The revocation procedure started a few days after the bridge collapsed, but the coalition parties are now divided.
Water jets fired into the air to create a ‘wall’ of water to cut down on the dust particles allowed to spread through the area
A 656ft (200m) stretch of the bridge collapsed last August, not only killing 43 and injuring dozens but also leaving 600 homeless due to the bridge’s proximity to nearby homes
A dramatic image shows the falling of the remaining bridge, reminiscent of the tragic scene 11 months ago
The bridge’s deck lies in debris and rubble after explosive charges blew up the eastern pylons of Genoa’s Morandi motorway bridge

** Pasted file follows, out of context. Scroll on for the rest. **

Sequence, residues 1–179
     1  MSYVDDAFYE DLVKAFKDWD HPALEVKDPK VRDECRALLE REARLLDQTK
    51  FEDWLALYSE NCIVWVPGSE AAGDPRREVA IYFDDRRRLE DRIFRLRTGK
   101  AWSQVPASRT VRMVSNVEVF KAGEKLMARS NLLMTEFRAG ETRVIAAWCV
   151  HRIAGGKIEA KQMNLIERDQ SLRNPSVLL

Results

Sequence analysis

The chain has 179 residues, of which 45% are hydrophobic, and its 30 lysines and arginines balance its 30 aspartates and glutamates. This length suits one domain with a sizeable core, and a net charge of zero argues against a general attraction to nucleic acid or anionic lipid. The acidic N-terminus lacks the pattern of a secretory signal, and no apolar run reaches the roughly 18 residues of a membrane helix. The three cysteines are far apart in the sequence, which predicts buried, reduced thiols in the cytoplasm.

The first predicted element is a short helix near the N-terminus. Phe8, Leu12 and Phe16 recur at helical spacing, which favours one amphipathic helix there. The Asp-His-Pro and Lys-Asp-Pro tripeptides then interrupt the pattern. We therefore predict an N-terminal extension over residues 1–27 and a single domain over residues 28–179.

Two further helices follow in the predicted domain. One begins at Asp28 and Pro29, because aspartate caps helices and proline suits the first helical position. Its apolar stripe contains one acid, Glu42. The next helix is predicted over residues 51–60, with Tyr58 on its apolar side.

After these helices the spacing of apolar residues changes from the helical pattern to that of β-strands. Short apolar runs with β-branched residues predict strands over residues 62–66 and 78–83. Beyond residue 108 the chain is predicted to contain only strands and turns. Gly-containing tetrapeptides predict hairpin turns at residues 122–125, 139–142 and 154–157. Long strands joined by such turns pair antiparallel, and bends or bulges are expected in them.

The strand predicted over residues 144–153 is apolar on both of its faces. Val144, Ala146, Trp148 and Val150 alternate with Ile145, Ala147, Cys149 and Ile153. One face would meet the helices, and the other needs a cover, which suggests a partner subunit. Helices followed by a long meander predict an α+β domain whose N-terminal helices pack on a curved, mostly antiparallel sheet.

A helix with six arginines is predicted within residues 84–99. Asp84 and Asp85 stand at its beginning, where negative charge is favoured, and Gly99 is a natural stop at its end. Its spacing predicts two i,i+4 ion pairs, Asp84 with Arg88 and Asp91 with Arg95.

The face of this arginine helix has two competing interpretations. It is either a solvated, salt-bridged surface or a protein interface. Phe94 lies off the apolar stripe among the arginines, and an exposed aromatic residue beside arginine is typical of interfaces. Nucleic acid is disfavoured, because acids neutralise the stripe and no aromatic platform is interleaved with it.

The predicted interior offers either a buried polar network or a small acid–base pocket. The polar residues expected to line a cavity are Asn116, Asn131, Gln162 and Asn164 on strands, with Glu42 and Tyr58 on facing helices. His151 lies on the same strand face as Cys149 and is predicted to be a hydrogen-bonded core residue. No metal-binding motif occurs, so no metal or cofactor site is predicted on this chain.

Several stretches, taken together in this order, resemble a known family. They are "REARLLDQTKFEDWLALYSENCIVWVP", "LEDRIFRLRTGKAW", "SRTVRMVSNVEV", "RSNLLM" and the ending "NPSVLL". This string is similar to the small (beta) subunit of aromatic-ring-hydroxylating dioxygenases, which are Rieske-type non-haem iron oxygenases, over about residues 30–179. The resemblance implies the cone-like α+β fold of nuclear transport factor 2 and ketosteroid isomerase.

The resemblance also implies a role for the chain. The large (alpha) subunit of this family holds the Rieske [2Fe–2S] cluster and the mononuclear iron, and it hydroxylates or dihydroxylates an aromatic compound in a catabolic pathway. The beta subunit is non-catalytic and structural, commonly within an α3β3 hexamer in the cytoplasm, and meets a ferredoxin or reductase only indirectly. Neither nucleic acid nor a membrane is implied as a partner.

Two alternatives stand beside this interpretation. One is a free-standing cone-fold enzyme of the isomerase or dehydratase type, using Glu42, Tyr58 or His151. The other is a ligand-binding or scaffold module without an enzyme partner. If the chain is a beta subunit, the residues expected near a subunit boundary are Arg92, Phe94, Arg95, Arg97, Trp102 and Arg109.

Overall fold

A general view shows the two pylons of Genoa’s Morandi motorway bridge before they were destroyed with explosives which can be seen in red on the concrete structure below
Orange bags of explosives can be seen strapped to the lower structure of the Morandi bridge, one day before demolition
General view of Morandi Bridge, with orange explosives strapped to the undercarriage, before controlled explosions demolished its two pylons
The very first second of the explosion is captured as plumes of debris can be seen rising from the soon to be demolished structure
Following the demolition, houses are surrounded by what appears to be a landslide of debris and concrete
The bridge’s deck lies in debris and rubble among evacuated buildings after explosive charges blew up the eastern pylons – west pylons remain (bottom) before also being blown up
Netting is used as a precaution to prevent dust and debris spreading further than necessary, in a landscape already blighted by the tragedy